Monday, February 25, 2013

Liquor Control Board considers rule to require liquor vendors to report thefts

The passage of Initiative 1183 privatized liquor sales across the state last summer.  Since then, many communities have seen an increase in theft of spirits.  The Washington State Liquor Control Board (LCB) is currently engaged in rulemaking that would require spirits license holders (stores that sell liquor) to report 4 times a year the theft or loss due to shrinkage.

Liquor theft has been covered by media and following are two examples:
A November 2012 post contains additional information.

Mandatory Reporting of Loss of Spirits Due to Theft and Internal Shrinkage: The public comment on proposed rulemaking on this topic will end Wednesday, February 27, 2013.  This is a different and distinct window of opportunity for public comment then the one that ended on January 27.  (In late January this item progressed to the “proposed rulemaking phase” - known as CR 102 - where a new comment period began specific to the proposed rule.)

Proposed language under consideration by the LCB states:

(4) Spirit retail licensees must report to the board quarterly on a form provided by the board, spirits product loss due to theft and internal shrinkage.

The proposed language would be added to the Washington Administrative Code (WAC) that defines the requirements for a spirits retail license.  The new language is underlined and can be found on the last page of the attached notice to stakeholders.

Public comment to the LCB can be submitted in any of the following ways:

Why is reporting of theft is important?
1. Law enforcement can better direct resources to mitigate public safety issues such as alcohol-fueled crimes and the black market of theft and resale of spirits.

2. The state can better quantify the amount of revenue loss from what would have been legitimate sales.

3. Prevention coalitions and concerned community groups can better assess the extent spirits are available to youth in their community.

Public Hearing
A public hearing on this item will be included in the LCB’s February 27 meeting.  The meeting begins at 10:00 a.m. and the public is invited to participate.  Comments about this proposed rule may also be submitted to the Rules Coordinator prior to the meeting.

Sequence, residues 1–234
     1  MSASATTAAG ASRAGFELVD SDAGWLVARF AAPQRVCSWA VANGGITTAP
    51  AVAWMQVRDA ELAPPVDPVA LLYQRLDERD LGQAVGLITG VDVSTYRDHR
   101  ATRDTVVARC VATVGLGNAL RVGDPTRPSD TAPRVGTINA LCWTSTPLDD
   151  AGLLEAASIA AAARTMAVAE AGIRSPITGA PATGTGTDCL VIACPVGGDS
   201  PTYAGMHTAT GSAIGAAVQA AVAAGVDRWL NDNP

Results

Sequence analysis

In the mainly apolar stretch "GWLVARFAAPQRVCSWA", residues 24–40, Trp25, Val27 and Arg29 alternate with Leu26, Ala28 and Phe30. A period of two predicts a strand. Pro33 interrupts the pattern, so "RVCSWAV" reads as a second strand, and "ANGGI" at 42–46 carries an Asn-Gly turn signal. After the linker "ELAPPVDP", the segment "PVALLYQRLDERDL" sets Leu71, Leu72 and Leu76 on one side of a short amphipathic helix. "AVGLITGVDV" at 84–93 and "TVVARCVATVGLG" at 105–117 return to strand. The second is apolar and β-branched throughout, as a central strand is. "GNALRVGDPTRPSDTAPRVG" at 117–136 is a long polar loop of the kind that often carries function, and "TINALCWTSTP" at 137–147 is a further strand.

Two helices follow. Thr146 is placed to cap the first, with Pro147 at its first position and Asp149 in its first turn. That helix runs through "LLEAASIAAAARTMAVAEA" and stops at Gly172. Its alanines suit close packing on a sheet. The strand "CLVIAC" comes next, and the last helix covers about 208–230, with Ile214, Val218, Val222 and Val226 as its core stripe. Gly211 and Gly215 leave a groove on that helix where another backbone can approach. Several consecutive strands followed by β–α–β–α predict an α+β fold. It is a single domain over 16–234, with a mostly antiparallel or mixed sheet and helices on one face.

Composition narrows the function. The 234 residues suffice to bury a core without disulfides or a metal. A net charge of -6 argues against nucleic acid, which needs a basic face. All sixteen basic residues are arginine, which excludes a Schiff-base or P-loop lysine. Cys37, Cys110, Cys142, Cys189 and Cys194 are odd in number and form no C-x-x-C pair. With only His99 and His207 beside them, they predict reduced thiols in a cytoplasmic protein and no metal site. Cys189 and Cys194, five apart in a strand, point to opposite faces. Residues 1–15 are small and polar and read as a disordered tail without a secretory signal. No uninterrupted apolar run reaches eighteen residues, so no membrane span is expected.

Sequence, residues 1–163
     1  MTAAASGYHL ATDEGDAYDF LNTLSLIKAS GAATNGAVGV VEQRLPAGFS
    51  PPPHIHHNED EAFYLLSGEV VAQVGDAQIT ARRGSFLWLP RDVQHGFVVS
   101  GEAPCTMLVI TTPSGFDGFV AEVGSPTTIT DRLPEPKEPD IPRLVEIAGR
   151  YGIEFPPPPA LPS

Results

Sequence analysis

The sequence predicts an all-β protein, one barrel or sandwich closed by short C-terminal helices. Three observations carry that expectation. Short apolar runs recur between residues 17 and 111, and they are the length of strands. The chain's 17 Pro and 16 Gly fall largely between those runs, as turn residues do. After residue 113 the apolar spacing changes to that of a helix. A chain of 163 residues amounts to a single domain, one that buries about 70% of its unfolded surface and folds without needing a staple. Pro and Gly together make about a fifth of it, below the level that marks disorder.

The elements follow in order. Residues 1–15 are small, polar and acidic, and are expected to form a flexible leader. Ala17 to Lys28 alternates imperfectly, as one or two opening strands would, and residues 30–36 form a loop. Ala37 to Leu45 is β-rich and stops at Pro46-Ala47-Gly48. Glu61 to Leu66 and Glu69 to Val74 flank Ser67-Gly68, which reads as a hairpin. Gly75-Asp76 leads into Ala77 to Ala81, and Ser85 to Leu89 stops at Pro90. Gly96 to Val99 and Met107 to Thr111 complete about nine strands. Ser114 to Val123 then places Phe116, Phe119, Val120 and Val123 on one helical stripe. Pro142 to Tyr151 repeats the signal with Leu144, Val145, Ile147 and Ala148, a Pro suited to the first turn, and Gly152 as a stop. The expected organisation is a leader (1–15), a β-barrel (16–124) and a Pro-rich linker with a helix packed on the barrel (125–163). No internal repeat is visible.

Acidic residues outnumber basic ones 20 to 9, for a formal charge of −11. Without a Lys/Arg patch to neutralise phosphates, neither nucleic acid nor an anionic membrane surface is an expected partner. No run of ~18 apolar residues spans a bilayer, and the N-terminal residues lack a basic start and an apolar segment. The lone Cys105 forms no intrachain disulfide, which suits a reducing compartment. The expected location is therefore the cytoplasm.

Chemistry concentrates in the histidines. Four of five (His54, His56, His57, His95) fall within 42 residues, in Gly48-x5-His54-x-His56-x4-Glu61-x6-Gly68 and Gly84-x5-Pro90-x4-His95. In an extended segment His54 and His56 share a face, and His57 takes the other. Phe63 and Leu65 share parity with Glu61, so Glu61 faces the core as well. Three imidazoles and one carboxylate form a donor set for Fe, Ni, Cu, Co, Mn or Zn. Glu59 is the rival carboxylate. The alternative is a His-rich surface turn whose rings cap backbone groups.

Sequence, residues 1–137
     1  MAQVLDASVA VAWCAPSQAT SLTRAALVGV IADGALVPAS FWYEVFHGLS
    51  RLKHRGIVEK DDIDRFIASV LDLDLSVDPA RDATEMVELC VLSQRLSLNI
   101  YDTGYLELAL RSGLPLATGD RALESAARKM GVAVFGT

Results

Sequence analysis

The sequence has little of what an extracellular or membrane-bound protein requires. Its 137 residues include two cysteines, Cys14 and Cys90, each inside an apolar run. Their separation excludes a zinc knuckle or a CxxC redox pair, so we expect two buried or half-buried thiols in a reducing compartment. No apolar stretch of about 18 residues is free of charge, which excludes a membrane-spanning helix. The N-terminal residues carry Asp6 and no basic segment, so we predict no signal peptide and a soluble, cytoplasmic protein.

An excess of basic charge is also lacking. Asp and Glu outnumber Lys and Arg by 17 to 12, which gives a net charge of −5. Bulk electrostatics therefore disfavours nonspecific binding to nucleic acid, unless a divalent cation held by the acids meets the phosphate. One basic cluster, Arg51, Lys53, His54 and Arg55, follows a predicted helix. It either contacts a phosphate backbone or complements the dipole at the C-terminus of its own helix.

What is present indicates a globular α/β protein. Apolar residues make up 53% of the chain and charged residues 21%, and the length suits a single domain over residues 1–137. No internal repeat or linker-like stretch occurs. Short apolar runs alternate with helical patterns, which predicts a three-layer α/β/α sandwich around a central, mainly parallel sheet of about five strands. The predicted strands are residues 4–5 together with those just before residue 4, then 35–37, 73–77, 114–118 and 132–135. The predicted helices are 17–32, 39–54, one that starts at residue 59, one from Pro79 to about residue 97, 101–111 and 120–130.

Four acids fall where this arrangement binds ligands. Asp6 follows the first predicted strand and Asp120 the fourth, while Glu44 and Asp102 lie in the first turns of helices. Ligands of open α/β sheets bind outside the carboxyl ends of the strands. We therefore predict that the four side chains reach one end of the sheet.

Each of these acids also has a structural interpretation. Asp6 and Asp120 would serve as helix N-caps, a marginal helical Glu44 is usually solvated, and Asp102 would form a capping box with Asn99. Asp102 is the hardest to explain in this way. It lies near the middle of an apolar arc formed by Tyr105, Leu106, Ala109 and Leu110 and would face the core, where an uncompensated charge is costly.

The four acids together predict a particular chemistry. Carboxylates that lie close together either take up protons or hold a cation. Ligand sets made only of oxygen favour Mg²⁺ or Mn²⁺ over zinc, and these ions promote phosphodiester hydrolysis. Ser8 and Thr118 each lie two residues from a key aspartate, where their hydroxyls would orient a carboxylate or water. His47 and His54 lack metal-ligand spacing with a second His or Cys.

Friday, February 22, 2013

What brain research tells us about underage drinking

In March, the Preventing Underage Drinking series sponsored by the federal Interagency Coordinating Committee on the Prevention of Underage Drinking (ICCPUD) will host the second webinar about underage drinking.

Webinar #2:  Brain Research and Underage Screening – Getting Informed, Preparing to Act

When: March 7, 2013, 11:00 a.m. to 12:00 p.m.

Who: The following experts will present:

  • Kenneth R. Warren, Ph.D., Acting Director, National Institute on Alcohol Abuse and Alcoholism 
  • Aaron White, Ph.D., Program Director, College and Underage Drinking Prevention Research, NIAAA; and 
  • Vivian B. Faden, Ph.D., Director, Office of Science Policy and Communications, NIAAA.

Why: Nearly 10 million 12- to 20-year-olds in the United States are underage drinkers, with serious negative consequences for individuals, families, and communities. This webinar series features national leaders and experts discussing the extent and nature of the problem, lessons from recent research, and evidence-based strategies for addressing underage drinking.


  • Dr. Kenneth Warren will provide a brief introduction to the problem of underage drinking, briefly summarizing some of the information from the first webinar. 
  • Next, Dr. Aaron White will discuss alcohol’s effects on the developing brain, and present information on the prevalence and biology of blackouts and alcohol poisoning. 
  • And to round out the presentations, Dr. Vivian Faden will discuss the contextual factors surrounding youth drinking and the importance of screening youth for alcohol use, risk for use, and alcohol related problems. 

Where: For more information and to register, visit

Online TV show explains link between prescription painkillers and heroin

The push to reduce the supply of painkillers  is creating a new problem. Opiate addicts need their fix, so when they can’t easily get their pills, they’re often turning to heroin. During our next CADCA TV show, “Highway to Heroin,” airing February 28, experts will discuss how communities are dealing with two serious drug problems at the same time and how your community can prepare for an influx of heroin.

The show will also explore how the Community Awareness and Prevention Association coalition is working to prevent opiate use. Heroin use is now an epidemic in and around the areas of Cleveland, Ohio. Its use increased after painkiller users switched to heroine when the pain medications became harder to find.

Key concepts:
- Learn about the link between prescription painkillers and heroin

- Find out how to prepare your community for an increase in heroin use

- Hear what prevention strategies work best to educate about opiates

The show, which is hosted by CADCA’s Mary Elizabeth Elliott, will feature Marc J. Fishman, M.D., Addiction Psychiatrist, Faculty, Johns Hopkins University School of Medicine; Lisa Roberts, R.N., Portsmouth City Health Department, Portsmouth, Ohio; and Harold Rochon, Lieutenant, Detroit Police Department.

How to Watch:
All CADCA TV shows are free of charge and can be viewed via live webcast. Simply click on “View Webcast” on the webpage of the CADCA TV show you’re interested in watching.